While Trump won only 8 percent of the black vote in November, that bested the 6 percent captured by 2012 Republican candidate Mitt Romney.

Among Trump's newest supporters in black America are retired football greats Jim Brown and Ray Lewis - who visited Trump Tower after the election - and lifelong Republican Calvin Tucker, chairman of the Pennsylvania-Philadelphia Black Republican Council.

"The one thing I said to Trump in our roundtable discussion is that he's the first Republican in three election cycles to stand up in the public arena and talk about economic development in the African American community," Tucker said.

Tucker was among a small, handpicked group of blacks who met with Trump at a North Philadelphia church during the summer while pro- and anti-Trump protesters clashed outside on the streets.

Tucker, the only black delegate out of 71 delegates from Pennsylvania at last year's Republican National Convention, said Trump's nontraditional approach to solving the nation's problems is needed right now.

"What he did in his private life - creating jobs, creating opportunities, creating entrepreneurship around this country, and in fact around this world - if he can translate 10 percent of that . . . into his public life, cities are going to benefit, states are going to benefit," Tucker said.

Smiley was more skeptical. "Created jobs at whose expense? Created jobs for whom?" he asked.

"All the questions that were raised about the people who didn't get paid, all the bankruptcies that he filed, etc. . . . It's just so sloppy," Smiley said.

In Charlotte, Trump told a campaign audience in October that minorities often have been pawns used and discarded by traditional politicians.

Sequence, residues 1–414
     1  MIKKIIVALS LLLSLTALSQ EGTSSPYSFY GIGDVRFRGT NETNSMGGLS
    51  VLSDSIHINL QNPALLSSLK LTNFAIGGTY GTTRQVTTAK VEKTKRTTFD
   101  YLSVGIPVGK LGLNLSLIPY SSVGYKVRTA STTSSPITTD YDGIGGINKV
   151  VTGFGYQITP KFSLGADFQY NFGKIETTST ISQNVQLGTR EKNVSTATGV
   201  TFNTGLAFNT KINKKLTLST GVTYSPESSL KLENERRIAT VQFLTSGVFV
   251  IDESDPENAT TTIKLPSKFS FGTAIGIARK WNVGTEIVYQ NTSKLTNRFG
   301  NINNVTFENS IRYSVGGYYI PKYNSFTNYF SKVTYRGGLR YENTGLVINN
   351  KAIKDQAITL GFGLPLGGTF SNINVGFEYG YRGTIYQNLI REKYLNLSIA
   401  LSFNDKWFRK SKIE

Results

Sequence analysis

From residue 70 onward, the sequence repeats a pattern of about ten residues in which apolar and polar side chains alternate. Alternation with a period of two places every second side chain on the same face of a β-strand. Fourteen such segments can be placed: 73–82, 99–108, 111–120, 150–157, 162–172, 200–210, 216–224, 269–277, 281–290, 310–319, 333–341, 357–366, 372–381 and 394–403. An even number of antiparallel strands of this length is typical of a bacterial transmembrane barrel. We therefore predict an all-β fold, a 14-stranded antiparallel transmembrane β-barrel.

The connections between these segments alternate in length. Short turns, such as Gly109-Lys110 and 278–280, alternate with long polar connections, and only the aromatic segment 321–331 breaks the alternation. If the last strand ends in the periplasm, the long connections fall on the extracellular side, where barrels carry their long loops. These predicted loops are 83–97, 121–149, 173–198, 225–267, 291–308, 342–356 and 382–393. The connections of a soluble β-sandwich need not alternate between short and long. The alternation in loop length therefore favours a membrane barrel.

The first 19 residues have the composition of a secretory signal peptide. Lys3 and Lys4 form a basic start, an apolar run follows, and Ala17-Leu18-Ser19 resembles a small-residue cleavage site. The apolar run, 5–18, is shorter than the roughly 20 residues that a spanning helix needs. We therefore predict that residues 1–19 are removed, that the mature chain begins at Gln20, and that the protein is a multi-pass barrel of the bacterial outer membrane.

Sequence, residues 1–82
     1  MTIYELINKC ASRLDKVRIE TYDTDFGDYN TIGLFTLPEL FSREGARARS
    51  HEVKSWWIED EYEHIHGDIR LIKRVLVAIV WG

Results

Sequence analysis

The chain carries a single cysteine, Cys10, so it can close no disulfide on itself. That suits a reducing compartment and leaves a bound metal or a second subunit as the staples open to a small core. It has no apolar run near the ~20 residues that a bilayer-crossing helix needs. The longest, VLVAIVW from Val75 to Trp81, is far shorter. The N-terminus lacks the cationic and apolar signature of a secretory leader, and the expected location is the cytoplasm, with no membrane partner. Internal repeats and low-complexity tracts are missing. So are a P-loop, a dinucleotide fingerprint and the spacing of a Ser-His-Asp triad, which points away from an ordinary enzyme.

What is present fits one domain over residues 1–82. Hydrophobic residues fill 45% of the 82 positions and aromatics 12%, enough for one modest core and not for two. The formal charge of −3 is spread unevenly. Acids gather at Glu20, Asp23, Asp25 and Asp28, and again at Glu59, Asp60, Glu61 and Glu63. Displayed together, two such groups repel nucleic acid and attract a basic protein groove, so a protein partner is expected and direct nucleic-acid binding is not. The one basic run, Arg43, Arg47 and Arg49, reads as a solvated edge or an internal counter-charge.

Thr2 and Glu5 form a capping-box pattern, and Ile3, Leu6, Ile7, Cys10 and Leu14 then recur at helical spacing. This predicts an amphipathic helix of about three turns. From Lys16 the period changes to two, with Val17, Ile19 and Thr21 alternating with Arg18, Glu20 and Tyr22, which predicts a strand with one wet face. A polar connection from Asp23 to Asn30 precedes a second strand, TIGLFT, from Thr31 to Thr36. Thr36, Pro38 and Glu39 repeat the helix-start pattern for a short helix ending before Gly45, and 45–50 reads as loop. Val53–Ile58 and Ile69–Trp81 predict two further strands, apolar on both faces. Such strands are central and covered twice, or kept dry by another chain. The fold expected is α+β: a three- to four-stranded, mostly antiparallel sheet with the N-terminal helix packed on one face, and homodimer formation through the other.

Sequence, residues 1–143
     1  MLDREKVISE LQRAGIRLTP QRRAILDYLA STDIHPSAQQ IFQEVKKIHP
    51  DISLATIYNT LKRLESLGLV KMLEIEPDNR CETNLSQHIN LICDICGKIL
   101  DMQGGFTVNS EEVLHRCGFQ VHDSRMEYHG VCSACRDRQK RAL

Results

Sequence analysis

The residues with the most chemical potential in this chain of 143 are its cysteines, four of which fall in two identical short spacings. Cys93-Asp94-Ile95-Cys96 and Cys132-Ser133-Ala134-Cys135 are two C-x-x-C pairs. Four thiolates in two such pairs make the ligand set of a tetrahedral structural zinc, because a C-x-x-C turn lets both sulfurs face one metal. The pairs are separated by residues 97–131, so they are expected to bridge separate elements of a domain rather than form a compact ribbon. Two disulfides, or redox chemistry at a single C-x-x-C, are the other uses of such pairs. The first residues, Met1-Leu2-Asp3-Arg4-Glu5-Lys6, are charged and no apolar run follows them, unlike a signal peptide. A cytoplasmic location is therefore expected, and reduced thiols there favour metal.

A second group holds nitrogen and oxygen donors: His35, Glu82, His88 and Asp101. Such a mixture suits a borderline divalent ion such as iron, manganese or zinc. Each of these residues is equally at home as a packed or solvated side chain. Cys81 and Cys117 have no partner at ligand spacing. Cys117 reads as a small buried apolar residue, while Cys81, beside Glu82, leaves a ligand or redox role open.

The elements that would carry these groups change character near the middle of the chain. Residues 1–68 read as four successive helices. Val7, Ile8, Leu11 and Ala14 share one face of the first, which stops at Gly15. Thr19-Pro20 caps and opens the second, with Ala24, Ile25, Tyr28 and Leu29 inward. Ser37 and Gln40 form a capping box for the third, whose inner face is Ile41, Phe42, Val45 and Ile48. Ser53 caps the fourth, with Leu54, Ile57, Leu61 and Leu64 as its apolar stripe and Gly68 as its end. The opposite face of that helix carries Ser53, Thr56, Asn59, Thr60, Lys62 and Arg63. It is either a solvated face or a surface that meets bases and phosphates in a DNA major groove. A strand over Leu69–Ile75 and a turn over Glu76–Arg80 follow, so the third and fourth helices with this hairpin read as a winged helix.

"We keep electing the same people over and over and over," he said. "And they keep coming back to the African American community and the Hispanic community and they keep talking about what they're going to do, but they don't do it."

Although the mainstream media spent little time analyzing that speech during the last swirling weeks of the campaign, it contained the candidate's bombshell promises to spend big capital in the nation's inner cites.

"Today I want to talk about how to grow the African American middle class, and to provide a new deal for black America," Trump offered.

That deal, he said, is rooted in three priorities: safe communities, great education, and high-paying jobs.

"Here is the promise I make to you," continued the man whose critics accuse him of cozying up to white supremacists.

"Whether you vote for me or not, I will be your greatest champion. I have no special interest, I take no orders from donors or lobbyists - I work for you, and only you," Trump had said.

An email to Trump press secretary Sean Spicer, seeking an update on the president-elect's plans for black America, was not returned.

Smiley said he suspects that black America will need to be vigilant and vocal under a Trump presidency.

"Running our government and being a corporate titan are two very different jobs," Smiley said. "I'm just not sure that he's the most qualified person to do what he has been elected to do. But that's what we're up against, and why we have to agitate, agitate, agitate."